Flying saucer sculpture in Moonbeam, Ontario Canada.

If your town is named Moonbeam, why not have a flying saucer sculpture in front of the Information Center? Quivera, our van, can be seen peeking out from behind the saucer.

Aliens peak out window of flying saucer in front of information center in Moonbeam, Ontario Canada.

Curious aliens were staring out the windows of the flying saucer.

Alien points out brochures in Information Bureau in Moonbeam, Ontario Canada.

A helpful alien points out brochures inside of Moonbeam’s Information Center.

This young woman staffed the Information Center. She spoke fluent English but confessed her first love was French. She also told us there were great hiking trails in the region but that she avoided them because of bears.

This young woman staffed the Information Center. She spoke fluent English but confessed her first love was French. She also told us there were great hiking trails in the region but that she avoided them because of bears.

Large black bear sculpture found in Kapuskasing, Ontario Canada

Shortly afterwards we found this huge black bear statue at Kapuskasing. I’d be staying off the trails, too.

Giant moose and wolf sculptures in Hearst, Ontario Canada.

Here is another shot of the moose I featured at the top of the post— not looking so friendly as he stares down a pair of wolves.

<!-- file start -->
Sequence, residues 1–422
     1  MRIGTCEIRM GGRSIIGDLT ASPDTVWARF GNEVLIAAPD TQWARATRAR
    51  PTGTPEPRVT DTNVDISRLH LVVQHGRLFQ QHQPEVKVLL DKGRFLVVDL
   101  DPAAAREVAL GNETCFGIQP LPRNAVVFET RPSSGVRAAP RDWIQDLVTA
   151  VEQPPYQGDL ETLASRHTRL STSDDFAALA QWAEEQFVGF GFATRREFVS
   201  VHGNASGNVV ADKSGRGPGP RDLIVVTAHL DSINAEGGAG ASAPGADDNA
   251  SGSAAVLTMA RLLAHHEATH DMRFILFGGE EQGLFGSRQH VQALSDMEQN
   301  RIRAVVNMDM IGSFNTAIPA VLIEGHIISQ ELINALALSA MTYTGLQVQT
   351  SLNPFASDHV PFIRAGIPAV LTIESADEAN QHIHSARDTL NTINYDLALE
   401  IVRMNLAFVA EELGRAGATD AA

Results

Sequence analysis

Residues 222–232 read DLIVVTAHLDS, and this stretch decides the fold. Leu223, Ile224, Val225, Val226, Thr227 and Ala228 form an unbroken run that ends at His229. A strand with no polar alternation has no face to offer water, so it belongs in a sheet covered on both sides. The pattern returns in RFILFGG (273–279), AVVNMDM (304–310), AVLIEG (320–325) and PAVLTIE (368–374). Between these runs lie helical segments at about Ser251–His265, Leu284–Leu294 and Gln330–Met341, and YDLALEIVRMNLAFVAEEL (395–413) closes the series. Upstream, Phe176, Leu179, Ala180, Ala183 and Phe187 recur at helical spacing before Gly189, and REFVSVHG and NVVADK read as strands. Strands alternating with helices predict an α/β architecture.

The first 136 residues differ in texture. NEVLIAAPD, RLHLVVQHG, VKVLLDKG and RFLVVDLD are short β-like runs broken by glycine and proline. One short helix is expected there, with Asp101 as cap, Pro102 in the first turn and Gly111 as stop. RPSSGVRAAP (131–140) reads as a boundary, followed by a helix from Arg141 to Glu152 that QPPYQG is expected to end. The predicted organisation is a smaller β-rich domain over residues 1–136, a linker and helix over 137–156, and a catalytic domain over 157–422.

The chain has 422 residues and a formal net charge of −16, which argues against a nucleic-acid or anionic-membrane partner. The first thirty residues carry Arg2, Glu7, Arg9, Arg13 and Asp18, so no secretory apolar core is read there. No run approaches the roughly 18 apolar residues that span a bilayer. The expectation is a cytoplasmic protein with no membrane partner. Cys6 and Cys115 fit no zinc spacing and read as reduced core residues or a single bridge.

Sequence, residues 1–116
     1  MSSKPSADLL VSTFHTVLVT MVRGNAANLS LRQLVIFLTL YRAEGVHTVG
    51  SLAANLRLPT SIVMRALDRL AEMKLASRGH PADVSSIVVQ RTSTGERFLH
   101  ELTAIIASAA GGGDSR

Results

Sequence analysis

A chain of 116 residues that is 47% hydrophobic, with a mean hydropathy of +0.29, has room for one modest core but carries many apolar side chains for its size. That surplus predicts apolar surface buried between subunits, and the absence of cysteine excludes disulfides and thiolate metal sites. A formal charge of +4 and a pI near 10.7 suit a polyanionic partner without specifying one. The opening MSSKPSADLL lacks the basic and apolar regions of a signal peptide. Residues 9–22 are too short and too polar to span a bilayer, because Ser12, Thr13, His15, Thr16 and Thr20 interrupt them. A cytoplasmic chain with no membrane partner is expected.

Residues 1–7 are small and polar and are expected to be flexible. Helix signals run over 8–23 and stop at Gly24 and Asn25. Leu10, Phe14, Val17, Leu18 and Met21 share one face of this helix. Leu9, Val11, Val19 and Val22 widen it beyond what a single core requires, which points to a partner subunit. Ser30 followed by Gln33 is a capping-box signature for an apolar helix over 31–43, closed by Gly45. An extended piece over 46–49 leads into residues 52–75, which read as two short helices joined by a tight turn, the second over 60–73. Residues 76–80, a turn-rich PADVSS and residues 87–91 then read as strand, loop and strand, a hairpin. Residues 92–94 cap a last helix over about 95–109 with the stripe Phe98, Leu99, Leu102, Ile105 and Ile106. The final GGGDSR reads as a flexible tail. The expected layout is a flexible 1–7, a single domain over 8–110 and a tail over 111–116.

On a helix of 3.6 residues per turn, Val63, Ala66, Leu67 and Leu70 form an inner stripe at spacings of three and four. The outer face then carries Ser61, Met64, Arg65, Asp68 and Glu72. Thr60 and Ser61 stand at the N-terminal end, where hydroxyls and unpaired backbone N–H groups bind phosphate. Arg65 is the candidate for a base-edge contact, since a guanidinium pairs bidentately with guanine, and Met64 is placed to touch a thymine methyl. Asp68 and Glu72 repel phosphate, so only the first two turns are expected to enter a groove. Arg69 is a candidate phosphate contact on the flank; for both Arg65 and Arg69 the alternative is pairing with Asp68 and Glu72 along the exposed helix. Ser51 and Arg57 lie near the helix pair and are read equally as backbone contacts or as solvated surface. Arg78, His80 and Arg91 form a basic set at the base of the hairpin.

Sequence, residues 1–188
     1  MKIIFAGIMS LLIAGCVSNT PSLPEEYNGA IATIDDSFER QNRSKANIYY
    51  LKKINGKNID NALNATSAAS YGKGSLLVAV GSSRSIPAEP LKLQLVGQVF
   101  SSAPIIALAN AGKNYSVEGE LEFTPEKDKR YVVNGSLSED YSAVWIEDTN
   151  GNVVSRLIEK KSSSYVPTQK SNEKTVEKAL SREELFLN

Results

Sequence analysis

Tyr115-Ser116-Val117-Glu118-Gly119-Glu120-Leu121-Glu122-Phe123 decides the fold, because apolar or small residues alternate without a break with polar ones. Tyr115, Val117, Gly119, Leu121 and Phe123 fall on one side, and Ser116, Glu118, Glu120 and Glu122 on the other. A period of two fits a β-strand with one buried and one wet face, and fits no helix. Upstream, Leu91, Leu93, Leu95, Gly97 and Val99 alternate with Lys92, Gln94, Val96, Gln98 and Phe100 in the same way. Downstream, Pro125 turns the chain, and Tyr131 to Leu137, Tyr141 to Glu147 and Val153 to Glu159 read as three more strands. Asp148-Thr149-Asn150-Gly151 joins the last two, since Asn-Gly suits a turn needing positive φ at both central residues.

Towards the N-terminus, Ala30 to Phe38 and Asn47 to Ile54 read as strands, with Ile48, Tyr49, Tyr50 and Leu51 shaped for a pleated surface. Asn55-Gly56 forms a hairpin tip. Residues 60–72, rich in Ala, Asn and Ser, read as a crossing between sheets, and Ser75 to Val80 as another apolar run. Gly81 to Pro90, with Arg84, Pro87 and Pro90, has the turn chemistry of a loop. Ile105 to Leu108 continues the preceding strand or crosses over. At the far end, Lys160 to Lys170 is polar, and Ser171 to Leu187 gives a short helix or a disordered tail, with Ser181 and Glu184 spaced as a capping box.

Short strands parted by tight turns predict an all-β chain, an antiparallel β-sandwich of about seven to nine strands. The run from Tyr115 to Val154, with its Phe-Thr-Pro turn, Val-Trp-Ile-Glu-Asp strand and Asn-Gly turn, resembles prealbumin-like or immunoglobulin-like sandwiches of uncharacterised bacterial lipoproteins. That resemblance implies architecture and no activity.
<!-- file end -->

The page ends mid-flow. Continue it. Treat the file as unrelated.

Wolf sculpture in Hearst, Ontario Canada.

A view of the wolf looking like he might belong in the movie, Twilight. “Jacob, is that you in there?”

The 'World's Largest Snowman' in Beardmore, Ontario Canada.

Beardmore proudly boasts the World’s Largest Snowman as its claim to fame.

My bicycle trip across Ontario in 1989 was something of a blur. One thing I do remember was a gradual change from French to English. It wasn’t like I arrived at the border and the language changed. Local loyalties seemed to depend on culture rather than the provincial boundary. I was reminded of my experience in West Africa where loyalty was to the family first, the tribe second, and the country third. Peggy and I still noticed remnants of these emotions in Ontario 26 years later. A house might be painted in tri-color French, warning off potential Anglophiles. Or British lions would be proudly displayed as lawn ornaments, prepared to pounce on someone who spoke French.